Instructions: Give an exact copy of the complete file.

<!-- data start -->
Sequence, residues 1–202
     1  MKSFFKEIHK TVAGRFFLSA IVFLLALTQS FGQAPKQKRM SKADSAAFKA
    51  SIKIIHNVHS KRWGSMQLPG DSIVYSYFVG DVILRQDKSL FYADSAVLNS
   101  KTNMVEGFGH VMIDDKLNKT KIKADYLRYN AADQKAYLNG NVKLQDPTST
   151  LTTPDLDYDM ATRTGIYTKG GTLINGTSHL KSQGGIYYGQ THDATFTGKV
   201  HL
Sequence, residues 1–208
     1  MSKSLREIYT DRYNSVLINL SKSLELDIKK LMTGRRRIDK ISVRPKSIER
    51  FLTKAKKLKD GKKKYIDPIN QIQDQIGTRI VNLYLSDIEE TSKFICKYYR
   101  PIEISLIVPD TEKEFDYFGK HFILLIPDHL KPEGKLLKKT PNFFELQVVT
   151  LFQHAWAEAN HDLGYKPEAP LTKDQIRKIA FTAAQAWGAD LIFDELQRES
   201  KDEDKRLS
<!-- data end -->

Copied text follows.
Sequence, residues 1–202
     1  MKSFFKEIHK TVAGRFFLSA IVFLLALTQS FGQAPKQKRM SKADSAAFKA
    51  SIKIIHNVHS KRWGSMQLPG DSIVYSYFVG DVILRQDKSL FYADSAVLNS
   101  KTNMVEGFGH VMIDDKLNKT KIKADYLRYN AADQKAYLNG NVKLQDPTST
   151  LTTPDLDYDM ATRTGIYTKG GTLINGTSHL KSQGGIYYGQ THDATFTGKV
   201  HL
Sequence, residues 1–208
     1  MSKSLREIYT DRYNSVLINL SKSLELDIKK LMTGRRRIDK ISVRPKSIER
    51  FLTKAKKLKD GKKKYIDPIN QIQDQIGTRI VNLYLSDIEE TSKFICKYYR
   101  PIEISLIVPD TEKEFDYFGK HFILLIPDHL KPEGKLLKKT PNFFELQVVT
   151  LFQHAWAEAN HDLGYKPEAP LTKDQIRKIA FTAAQAWGAD LIFDELQRES
   201  KDEDKRLS